Melchior, whose back is whip-scarred pink and grey, sings this to the dying brick makers the second day:

riddle me this – a stone inside a tree

an egg inside the stone

The Hoffenphaafs grow thoughtful.  When the Whiteshirtmen go to strike them for moving criminal-slow, they see their faces and the chill in their eyes makes them draw back, and so the second day passes.

fleuron1

The Hoffenphaafs see it, the mud-men see it, the stream urchins sprouting in their vesicles see it, the dying brick makers see nothing because they have drawn inside their hollows wrapped in yesterday’s song. The protein-sellers gape to see it, and the playtime rakes and Ladytowners will have no meat this day.  Down the seven-fold tunnel, through the muck of the river-that’s-left it strides, looking neither right not left: an immense ox, red as the bloody sun.  Where the tunnel vomits into the great underchamber, with the pillars of the earth growing through the dim air like tree trunks, it bellows like a woman in labor and falls to its knees.  No one dares touch it, but it splits apart regardless, dry inside.

From between its ribs steps a panther, tawny and graceful.  Its eyes are like crystals rooted in rock, its great feet soft as velvet, its claws sharp as heartbreak.  It roars like a tide-turning wind, and around the huge fanged mouth the skin peels away.  The pelt sloughs off, the bones tumble into a pile, and the skull rolls away like a ball.

The heap of bones shifts and a naked child steps away.  It spreads its arms to the people and they know what they must do; they fall upon it, pulling muscle from muscle, joint from joint.  Weeping, they devour the child, even the bones, and it never cries out.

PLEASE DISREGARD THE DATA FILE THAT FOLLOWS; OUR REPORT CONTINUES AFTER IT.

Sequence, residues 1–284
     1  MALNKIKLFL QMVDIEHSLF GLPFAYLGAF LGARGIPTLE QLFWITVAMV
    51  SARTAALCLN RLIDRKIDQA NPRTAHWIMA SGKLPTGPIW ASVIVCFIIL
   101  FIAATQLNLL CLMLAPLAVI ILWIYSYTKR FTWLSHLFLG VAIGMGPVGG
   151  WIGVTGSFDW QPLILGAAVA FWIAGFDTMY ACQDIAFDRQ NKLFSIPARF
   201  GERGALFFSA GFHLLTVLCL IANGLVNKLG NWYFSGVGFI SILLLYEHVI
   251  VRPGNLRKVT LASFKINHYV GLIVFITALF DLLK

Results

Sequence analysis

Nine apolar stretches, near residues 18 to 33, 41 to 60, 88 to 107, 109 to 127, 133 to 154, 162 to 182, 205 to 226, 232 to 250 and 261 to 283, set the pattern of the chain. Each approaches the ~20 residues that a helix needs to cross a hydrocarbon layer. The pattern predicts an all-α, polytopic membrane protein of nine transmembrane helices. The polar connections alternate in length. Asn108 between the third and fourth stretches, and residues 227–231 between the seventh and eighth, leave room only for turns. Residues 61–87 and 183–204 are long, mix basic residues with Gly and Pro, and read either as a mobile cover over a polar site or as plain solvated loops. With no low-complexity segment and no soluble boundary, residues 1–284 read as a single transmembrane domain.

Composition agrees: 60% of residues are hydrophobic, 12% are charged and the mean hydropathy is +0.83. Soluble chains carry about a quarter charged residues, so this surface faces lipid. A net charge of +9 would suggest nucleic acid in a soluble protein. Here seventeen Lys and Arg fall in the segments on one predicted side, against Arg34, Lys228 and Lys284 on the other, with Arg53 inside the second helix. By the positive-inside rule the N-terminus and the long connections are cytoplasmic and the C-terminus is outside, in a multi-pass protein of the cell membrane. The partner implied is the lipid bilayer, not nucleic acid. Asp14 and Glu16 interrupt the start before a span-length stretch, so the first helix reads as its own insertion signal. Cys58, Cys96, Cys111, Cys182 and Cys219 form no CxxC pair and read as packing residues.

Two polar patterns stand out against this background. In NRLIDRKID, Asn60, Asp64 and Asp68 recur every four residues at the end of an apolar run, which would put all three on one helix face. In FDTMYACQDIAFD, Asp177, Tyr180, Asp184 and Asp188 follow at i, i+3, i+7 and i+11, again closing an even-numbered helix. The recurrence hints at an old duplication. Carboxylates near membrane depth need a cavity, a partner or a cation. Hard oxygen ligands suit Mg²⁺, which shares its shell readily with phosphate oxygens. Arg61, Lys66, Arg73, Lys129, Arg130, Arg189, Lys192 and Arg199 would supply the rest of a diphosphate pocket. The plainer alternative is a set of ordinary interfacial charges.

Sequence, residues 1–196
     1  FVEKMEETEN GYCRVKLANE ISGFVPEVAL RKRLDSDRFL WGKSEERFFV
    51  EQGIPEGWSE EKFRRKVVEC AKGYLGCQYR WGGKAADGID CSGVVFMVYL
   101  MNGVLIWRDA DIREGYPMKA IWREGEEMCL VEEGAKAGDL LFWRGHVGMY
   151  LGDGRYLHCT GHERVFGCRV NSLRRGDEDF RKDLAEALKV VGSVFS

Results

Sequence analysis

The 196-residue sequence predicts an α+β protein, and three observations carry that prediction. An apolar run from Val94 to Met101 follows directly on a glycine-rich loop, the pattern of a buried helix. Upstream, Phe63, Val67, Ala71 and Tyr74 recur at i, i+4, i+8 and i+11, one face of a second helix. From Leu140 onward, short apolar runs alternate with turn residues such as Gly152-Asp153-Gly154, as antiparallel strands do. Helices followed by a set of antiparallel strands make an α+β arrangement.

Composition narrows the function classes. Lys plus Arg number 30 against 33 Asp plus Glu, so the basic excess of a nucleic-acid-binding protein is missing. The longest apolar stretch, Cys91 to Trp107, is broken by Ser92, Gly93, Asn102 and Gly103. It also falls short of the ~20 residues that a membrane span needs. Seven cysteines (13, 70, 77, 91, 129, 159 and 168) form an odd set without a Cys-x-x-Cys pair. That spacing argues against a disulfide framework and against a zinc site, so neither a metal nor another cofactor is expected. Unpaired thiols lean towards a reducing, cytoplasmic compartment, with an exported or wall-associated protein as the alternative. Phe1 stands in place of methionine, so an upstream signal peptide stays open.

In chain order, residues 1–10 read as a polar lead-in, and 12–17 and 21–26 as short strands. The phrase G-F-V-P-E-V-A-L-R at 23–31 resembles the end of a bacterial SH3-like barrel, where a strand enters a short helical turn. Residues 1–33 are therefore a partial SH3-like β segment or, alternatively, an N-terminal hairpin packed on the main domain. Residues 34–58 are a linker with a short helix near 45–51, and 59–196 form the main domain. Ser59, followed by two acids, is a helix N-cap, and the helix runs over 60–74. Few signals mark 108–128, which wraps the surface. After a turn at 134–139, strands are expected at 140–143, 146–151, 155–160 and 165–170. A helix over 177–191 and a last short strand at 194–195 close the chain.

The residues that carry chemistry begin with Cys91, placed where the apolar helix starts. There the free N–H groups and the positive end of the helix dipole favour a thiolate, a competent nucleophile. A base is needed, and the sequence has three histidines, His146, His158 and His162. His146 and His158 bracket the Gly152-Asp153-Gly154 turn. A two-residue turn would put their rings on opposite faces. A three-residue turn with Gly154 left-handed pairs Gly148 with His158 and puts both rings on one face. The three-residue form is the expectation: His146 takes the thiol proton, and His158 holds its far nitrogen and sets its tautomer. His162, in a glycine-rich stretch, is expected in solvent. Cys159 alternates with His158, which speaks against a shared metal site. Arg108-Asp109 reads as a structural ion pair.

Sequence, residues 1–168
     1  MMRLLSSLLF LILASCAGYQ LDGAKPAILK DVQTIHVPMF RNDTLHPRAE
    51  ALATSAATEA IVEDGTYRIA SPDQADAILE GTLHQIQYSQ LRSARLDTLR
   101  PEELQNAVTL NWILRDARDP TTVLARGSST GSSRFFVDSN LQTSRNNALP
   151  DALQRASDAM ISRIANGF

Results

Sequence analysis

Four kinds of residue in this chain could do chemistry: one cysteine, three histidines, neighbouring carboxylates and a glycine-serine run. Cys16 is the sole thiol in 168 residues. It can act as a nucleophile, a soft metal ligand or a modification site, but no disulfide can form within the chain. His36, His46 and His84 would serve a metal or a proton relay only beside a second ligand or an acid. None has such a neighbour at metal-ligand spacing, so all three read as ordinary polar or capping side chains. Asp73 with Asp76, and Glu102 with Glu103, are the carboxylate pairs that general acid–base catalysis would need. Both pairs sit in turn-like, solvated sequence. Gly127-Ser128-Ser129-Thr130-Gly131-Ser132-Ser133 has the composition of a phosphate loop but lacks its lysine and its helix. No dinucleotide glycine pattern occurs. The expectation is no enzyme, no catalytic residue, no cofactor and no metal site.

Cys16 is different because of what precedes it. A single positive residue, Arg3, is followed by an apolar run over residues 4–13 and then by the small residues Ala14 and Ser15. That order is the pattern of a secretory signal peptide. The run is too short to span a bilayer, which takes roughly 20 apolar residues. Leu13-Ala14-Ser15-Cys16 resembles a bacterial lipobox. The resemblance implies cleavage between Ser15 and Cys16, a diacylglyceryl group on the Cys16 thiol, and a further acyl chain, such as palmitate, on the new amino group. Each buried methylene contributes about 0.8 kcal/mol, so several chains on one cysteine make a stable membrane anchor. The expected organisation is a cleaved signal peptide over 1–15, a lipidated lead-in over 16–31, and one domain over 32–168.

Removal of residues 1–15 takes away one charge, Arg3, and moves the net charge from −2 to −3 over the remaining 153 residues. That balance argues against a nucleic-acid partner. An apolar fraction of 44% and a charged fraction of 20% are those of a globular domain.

Riddle me this, whispers the Maiden of fire, the Mother of Shadows, the sister of the sweet devoured child from the vaulted archways above. Does the egg choose the manner of its own destruction? For if it breaks it shatters its perfection; if it doesn’t, what stirs within will die.

Melchior, his fingers twisted with ancient chastisements, takes the saber-fang of the panther and writes upon the paper-thin, paper-dry oxhide:

beneath the mother’s belly

a broke-neck baby bird

The Hoffenphaafs crack open the doors of the playtime levels, and let in the mud-men and the protein sellers (the steam urchins have sprouted in their vesicles, the brick makers are dead). The Ladytowners know it, the rakes know it, even the Whiteshirtmen with their detachable collars and rock-crystal studs and beautiful cravats know it, the Governor sits with his head in his hands and a loaded pistol on the polished mahogany before him: the third day is ending and like an egg, it chooses life, it chooses death, it is all going to hatch.

Samantha Henderson lives in Southern California with humans and other animals. Her short fiction and poetry has been published in Realms of Fantasy, The Lovecraft eZine, Strange Horizons, Goblin Fruit and Weird Tales, and reprinted in The Year’s Best Fantasy and Science Fiction,Steampunk Revolutions and the Mammoth Book of Steampunk. She’s the author of the Forgotten Realms novels Heaven’s Bones and Dawnbringer.